Image via WikipediaI'm often surprised by people's reaction to privacy issues online. It's as if they've forgotten that the Internet is an interactive medium. As we browse the web, it is not analogous to window shopping, watching the tube, or flipping through a magazine in a dentist's office. Every website visit is a visit onto someone else's property.
The interactive nature of this medium means that there's a two-way channel of communication between the user and the website they're visiting. I see them; they see me.
When I enter a brick and mortar store, I expect that my every move is video-taped and that the purchases I make are tracked by my credit card company and the store. When I enter the store - as opposed to just window shopping - the expectation and reality change with regard to privacy and propriety. I've moved from a one-way relationship to an interactive relationship once I've entered the store.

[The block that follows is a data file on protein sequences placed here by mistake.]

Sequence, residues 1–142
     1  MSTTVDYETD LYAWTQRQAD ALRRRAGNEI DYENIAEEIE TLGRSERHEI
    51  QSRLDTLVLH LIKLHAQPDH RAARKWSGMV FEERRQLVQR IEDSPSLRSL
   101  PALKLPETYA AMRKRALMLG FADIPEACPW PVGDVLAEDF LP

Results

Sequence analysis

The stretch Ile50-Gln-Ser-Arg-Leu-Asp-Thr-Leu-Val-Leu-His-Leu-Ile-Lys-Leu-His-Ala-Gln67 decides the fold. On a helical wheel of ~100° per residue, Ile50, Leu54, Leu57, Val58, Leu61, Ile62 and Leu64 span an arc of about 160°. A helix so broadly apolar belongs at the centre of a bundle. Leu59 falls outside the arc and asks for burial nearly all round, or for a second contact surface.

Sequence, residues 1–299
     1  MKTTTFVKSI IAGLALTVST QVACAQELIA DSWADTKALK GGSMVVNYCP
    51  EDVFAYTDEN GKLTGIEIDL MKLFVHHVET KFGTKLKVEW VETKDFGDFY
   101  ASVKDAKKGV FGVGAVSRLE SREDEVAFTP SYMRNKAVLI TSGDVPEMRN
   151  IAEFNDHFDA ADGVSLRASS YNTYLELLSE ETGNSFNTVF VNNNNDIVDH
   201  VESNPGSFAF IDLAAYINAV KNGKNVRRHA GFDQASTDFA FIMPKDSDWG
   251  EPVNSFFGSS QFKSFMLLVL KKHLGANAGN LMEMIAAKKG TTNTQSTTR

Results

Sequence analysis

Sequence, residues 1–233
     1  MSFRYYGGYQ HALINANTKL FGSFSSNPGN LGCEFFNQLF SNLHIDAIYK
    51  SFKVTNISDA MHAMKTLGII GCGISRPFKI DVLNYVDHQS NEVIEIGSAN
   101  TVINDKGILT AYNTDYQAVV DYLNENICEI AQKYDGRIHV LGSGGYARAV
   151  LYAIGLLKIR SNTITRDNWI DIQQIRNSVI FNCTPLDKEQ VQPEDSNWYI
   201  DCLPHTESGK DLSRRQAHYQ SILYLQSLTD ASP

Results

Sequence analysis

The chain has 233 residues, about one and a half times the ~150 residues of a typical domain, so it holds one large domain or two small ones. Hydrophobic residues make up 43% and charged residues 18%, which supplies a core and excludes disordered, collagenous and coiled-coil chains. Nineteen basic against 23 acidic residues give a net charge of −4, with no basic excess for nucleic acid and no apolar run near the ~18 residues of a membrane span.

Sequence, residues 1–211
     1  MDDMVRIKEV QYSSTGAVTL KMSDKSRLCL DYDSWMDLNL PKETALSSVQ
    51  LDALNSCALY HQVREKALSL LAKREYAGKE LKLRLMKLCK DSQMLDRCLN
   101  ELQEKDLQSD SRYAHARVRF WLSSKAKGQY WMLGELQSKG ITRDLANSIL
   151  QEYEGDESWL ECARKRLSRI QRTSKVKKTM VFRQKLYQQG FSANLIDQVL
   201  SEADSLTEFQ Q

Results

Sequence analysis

I view the Internet in a similar fashion. I'm not surprised that Amazon tracks the products I browse or that an online publisher knows which articles I have read...and then some.
The goal is to make it a better experience - an interactive experience - a more personal experience. Certainly the line can be crossed and privacy violated. But I'm optimistic that the tracking that's currently going on is, by and far, done in good will for the betterment of the medium.
Interactivity changes privacy expectations online, as it generally does offline.